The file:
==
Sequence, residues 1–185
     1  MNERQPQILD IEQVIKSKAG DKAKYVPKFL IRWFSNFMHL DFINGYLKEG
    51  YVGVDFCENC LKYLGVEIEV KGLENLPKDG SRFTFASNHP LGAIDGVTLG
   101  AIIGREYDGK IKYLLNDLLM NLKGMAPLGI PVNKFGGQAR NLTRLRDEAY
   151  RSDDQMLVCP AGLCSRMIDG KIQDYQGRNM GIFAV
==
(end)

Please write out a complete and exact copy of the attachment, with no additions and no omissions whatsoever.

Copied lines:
Sequence, residues 1–185
     1  MNERQPQILD IEQVIKSKAG DKAKYVPKFL IRWFSNFMHL DFINGYLKEG
    51  YVGVDFCENC LKYLGVEIEV KGLENLPKDG SRFTFASNHP LGAIDGVTLG
   101  AIIGREYDGK IKYLLNDLLM NLKGMAPLGI PVNKFGGQAR NLTRLRDEAY
   151  RSDDQMLVCP AGLCSRMIDG KIQDYQGRNM GIFAV